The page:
Thursday, 27 September 2012

Woodworth's Wank: A Personal Reaction

I watched the vote on Woodworth's Wank yesterday online. People had been predicting/guessing how many yeas it would get. I said 58. Kady O'Malley, the CBC House reporter who had in effect told us not to worry our purty little heads about it, weighed in with her number: 30 to 50. (I think she refined it later to 50, but I'm not sure.) Of the ones I saw or that used the #M312bet tag, Aaron Wherry won the fruit basket with 90. (It was 203 to 91.)

As MPs bobbed up and down for yeas and nays, my head was spinning and my gut was clenched. I quickly lost track of the count, but it was crystal clear that this was no crushing defeat.

There were waaaay too many yeas.

I felt I was going to throw up.

My reaction surprised me. It was visceral and emotional and not too rational.

When the count was final, I was dazed. Then I saw this tweet from JJ*.



She nailed it.



And people wonder why women worry our purty little heads about this 'trivial' stuff?

Later, @juicexlx offered a 'group hug'.




* Therapeutic Abortion Committee.

8 comments:

Nadine Lumley said...

Free abortions to Conservatives, sorry, I mean Harper’s Reform Party.

Let's try to increase the average intelligence of the gene pool.

http://www.ekospolitics.com/wp-content/uploads/full_report_april_11.pdf

Anonymous said...

I think the vote on M312, with 10 cabinet ministers including the Status of Women of women minister Ambrose and the possible future party leader of the Cons voting in favour, shows that we are just a heartbeat away from anti-choice legislation becoming a reality. Harper is the only one standing in the way of it happening. Notice how no one in his party clapped when he voted, which they annoyingly did on the previous two bills they voted on? I think the whole thing, the applause/no applause, the cabinet yeas, Rona Ambrose etc, was carefully orchestrated and will likely energize the antis to press on with more ludicrous, legislative initiatives. And if Harper were to resign or drop dead, who would we be left with? Jason Kenney? Oy.

Anonymous said...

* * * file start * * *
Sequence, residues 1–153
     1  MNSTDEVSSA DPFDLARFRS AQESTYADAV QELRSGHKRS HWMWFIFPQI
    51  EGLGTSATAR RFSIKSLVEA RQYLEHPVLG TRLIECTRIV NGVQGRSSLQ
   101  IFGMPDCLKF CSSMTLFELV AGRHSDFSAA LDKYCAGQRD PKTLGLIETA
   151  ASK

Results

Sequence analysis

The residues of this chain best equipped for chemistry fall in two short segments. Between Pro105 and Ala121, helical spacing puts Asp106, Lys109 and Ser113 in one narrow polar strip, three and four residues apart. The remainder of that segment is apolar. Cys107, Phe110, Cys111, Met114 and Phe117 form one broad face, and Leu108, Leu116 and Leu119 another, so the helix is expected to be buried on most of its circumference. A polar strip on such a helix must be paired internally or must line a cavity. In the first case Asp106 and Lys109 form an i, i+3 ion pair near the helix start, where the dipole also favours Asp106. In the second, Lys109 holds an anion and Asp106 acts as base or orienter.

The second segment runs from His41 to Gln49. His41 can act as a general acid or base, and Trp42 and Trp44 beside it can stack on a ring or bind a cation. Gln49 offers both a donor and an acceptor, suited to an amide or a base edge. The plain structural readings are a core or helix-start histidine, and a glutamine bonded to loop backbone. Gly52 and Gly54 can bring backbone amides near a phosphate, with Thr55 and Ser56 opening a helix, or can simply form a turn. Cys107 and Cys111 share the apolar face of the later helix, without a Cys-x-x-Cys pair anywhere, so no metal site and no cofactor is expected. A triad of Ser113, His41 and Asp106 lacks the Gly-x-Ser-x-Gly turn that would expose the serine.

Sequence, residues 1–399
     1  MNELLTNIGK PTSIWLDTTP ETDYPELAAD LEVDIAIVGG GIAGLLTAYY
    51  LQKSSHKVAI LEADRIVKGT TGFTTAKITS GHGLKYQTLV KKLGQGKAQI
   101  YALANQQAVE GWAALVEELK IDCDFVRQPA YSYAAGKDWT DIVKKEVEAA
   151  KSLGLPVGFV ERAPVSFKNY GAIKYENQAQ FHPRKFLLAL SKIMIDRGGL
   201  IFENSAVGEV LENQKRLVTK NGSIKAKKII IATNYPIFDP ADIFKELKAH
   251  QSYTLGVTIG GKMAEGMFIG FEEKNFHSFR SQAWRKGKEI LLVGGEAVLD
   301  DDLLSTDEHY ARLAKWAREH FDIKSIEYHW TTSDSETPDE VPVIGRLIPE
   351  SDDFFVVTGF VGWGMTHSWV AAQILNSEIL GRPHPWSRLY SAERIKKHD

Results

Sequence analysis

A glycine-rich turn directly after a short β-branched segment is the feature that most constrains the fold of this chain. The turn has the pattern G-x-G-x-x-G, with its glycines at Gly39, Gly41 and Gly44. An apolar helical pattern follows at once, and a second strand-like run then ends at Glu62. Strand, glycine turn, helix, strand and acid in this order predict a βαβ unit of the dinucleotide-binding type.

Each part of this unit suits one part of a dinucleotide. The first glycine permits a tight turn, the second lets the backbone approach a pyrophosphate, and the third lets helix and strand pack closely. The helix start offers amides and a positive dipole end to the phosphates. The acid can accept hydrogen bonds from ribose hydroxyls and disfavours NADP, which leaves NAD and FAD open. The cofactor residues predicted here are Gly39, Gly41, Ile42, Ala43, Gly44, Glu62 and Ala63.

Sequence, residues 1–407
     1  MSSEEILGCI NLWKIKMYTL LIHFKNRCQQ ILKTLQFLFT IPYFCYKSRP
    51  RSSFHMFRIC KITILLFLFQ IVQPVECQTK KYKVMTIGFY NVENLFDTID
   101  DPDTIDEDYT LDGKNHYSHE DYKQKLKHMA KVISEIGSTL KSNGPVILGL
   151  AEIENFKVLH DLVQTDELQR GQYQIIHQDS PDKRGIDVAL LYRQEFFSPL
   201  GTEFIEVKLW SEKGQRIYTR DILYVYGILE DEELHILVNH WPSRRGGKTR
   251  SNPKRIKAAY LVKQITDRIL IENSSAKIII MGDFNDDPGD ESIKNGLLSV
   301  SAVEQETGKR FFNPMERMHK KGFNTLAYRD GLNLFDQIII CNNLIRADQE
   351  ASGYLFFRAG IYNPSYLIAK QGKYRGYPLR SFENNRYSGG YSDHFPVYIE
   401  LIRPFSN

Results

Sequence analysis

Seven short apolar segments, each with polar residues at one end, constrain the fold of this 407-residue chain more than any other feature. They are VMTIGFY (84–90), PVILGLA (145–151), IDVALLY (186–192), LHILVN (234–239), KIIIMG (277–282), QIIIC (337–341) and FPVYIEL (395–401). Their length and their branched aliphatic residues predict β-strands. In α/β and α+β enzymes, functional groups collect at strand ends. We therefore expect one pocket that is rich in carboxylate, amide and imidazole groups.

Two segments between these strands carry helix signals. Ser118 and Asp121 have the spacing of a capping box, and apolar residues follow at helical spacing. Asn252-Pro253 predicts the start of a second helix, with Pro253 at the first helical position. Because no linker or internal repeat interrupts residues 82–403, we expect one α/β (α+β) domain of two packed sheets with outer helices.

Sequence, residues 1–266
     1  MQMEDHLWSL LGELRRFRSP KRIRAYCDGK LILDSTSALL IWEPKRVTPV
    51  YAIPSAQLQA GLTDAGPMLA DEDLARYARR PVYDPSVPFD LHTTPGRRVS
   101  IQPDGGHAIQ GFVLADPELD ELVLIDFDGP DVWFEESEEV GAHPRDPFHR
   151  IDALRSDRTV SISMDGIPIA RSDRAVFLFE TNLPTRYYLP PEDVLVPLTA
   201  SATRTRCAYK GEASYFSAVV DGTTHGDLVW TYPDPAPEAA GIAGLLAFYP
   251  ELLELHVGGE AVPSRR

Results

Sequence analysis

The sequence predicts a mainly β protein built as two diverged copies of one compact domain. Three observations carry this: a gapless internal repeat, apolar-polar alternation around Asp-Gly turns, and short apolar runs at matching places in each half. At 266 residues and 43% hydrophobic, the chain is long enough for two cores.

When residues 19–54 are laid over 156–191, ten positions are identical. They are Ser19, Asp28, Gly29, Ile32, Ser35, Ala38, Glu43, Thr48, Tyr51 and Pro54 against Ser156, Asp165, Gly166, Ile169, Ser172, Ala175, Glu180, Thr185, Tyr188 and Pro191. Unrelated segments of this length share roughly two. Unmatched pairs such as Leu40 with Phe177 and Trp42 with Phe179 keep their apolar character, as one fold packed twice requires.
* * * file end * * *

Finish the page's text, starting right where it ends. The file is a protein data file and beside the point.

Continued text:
I can still see the guy who had to approve my procedure. I was pretty young and thought the law meant I could move smoothly through the process. Instead, I found myself sitting in a tiny room with a doctor looming over me with a big smirk as he filled out his paperwork.

One of the official questions was something like: When did conception take place?

This guy used his own version, and I quote: "So when did the blessed event take place? Or do you remember?"

All I can see is my daughter having to go through this one day, and yes, I'm puking too.

Beijing York said...

I had to go through a Therapeutic Abortion Committee and it was horrible. It was my first hospital stay (day only thankfully) but I felt like I was treated like a second-class citizen. I felt like I was punished for being there. I was made to feel that what ever horrible adverse effects I had on the anaesthesia used should be dismissed by the fact that I was alive. This was the norm back then. It was REPUGNANT. It felt like they were only one iota close to recommending forced sterilization when I questioned them about other alternatives than the pill. (Let's just say that I knew enough to know that the pill was not my best option.) The whole experience was demeaning and degrading.

fern hill said...

I'm going to look. I wonder if anyone has compiled stories of Therapeutic Abortion Committee patients. Have they ever been told?

Beijing York said...

It's become a bit of a blur for me, fern. But I do remember that somewhere in the process (and they did drag it along), I and my boyfriend attended a group session (some where accompanied by their mothers instead of their partners) where we were lectured to. Honestly, I can't remember what the content of the lecture was (the abortion process? recommendations on better birth control?) but I just remember it being very humiliating. In retrospect, I am aghast at the total lack of respect for patient-doctor confidentiality.

Shannon said...

I haven't rerad it for a while, so I don't remember if people shared TAC stories, but the narratives in No Choice: Canadian Women Tell Their Stories of Illegal Abortion relate the ways in which women accessed abortion, including experiences with their personal physicians and doctors who helped (or didn't) them.

fern hill said...

I find that kind of book very hard to read. So infuriating. So sad.

But maybe I should try.

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